Blood Money was the first game in the series to take Agent 47 to the States, and it has an interesting take on them. Unlike Absolution’s weird Grindhouse feel, Blood Money went for a mixture of light stereotypes and broad strokes familiar to most people for a base, then built a world that feels like one 47 could actually inhabit. Vegas, Mississipi, the Rocky Mountains and New Orleans are all presented with a slightly dark, European twist that makes them seem like real places but slightly off, and have a lot more civilians who are more active and friendly, unlike the previous games where people were cold and kept to themselves. The game culminates with you infiltrating the White House to kill a corrupt Vice President, and the story focuses on a corrupt ex-FBI Director hunting down 47 and wiping out all of his unseen co-assassins.

No filler:

Hitman 2 and Hitman Contracts both had several levels set in the same place with you often doing little of interest. Hitman 2 is particularly irritating for a part where you murder a fat recluse in a basement only for the game to tell you that you now have to sneak around an office after dark to plant a bug, then kill a different fat recluse wearing fewer clothes. Blood Money has thirteen levels (short for a Hitman game) and besides a step-by-step tutorial (steps you don’t have to follow, mind) and one level that’s basically a shootout, every level is a proper sandbox with multiple targets whose deaths the game leaves entirely up to you. There are locations with more than one level, but they make them entirely different. The game also has some of the best levels in the series, including A New Life, The Murder of Crows and Curtains Down.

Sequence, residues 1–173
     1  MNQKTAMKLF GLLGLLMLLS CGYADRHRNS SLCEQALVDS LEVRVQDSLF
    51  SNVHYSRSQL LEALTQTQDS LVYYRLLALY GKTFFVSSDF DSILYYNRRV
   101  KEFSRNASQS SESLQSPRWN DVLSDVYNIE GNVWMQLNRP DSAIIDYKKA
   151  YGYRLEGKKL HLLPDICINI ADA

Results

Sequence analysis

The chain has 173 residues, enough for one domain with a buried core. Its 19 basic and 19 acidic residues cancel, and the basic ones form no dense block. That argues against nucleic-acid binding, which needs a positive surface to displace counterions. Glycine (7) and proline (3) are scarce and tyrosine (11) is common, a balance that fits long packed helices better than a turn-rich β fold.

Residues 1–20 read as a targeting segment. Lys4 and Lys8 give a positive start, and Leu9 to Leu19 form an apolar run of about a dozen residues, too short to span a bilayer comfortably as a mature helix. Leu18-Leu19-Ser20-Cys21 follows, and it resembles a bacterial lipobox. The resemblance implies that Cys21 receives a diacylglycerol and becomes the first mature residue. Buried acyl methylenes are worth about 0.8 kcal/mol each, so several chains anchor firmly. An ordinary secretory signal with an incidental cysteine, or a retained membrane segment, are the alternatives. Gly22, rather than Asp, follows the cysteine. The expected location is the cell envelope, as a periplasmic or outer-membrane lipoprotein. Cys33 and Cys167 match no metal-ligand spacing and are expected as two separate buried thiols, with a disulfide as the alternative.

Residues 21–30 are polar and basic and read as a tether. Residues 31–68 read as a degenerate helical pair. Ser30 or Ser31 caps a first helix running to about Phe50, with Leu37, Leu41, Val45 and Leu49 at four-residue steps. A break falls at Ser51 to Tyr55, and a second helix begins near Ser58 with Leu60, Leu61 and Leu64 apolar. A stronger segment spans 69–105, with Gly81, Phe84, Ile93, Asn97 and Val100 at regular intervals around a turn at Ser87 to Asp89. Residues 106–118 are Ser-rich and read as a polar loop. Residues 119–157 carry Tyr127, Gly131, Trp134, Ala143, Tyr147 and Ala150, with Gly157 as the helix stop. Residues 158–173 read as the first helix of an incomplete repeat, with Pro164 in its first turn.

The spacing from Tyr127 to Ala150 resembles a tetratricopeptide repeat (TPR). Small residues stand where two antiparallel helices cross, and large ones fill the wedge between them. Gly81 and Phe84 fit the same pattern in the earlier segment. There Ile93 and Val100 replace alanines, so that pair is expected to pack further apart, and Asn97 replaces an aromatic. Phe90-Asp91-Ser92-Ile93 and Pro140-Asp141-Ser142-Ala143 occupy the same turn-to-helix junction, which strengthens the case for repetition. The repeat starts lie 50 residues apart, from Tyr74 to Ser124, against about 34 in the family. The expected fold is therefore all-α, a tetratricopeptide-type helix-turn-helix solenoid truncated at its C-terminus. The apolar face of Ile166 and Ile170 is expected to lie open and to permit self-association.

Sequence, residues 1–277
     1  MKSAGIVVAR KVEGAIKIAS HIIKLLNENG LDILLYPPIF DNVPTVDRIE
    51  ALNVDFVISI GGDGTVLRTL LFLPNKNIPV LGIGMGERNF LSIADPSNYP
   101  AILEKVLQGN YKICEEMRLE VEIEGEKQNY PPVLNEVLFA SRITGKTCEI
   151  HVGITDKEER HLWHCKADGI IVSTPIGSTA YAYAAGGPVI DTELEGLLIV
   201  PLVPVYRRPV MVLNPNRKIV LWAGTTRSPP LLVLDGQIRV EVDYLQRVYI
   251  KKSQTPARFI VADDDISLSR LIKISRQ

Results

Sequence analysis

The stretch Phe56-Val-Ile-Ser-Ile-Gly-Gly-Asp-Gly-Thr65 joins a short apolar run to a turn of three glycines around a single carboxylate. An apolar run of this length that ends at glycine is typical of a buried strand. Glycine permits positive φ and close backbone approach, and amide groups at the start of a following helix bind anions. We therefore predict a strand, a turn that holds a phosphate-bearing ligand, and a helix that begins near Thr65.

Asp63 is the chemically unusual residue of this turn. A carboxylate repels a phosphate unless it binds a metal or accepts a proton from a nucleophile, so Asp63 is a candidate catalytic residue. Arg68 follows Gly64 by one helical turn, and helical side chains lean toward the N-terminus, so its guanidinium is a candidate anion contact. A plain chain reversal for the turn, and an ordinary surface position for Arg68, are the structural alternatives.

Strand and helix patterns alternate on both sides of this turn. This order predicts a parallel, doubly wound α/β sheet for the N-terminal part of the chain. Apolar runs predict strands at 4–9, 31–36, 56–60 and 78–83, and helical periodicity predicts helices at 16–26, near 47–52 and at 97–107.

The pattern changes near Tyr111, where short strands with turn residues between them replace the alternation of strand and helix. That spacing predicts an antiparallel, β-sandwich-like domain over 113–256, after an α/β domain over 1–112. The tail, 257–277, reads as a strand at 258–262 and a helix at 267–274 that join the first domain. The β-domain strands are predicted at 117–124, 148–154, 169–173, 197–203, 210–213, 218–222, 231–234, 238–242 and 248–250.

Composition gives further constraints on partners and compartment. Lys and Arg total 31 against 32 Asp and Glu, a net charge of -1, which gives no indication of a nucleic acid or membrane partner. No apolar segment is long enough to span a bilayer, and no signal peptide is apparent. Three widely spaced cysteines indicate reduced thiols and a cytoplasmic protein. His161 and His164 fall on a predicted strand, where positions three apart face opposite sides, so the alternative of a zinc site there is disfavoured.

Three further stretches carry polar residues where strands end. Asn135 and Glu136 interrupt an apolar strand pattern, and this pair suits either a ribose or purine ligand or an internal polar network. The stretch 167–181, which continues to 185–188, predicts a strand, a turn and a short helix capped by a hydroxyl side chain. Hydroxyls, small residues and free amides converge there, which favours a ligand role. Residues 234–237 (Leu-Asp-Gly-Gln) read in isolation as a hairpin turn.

It’s just right:

Hitman 2 is far too stiff and unforgiving, and goes out of its way to inject way too much story into proceedings. Contracts is very dark and moody without much else going for it, with a fair few of its missions being remakes of ones from the first game. Absolution puts a lot of focus on a terrible plot where 47 keeps being reckless and is captured multiple times, and often feels like targets are presented purely through obligation, as 47 is often in locations for reasons pertaining to story, not assassination. HITMAN, while excellent, does feel quite light and score-attack focused, with its challenges. Blood Money strikes the right balance; it’s darkly amusing but also serious and deals with some heavy subjects. It has a decent story but relegates it almost entirely to between-mission cutscenes; you can completely ignore it if you wish, but it’s there if you’re interested. Finally it features a vulnerable 47 but handles it in a reasonable manner that doesn’t contradict the established world and character, and offers good replay-ability directly tied into consequence.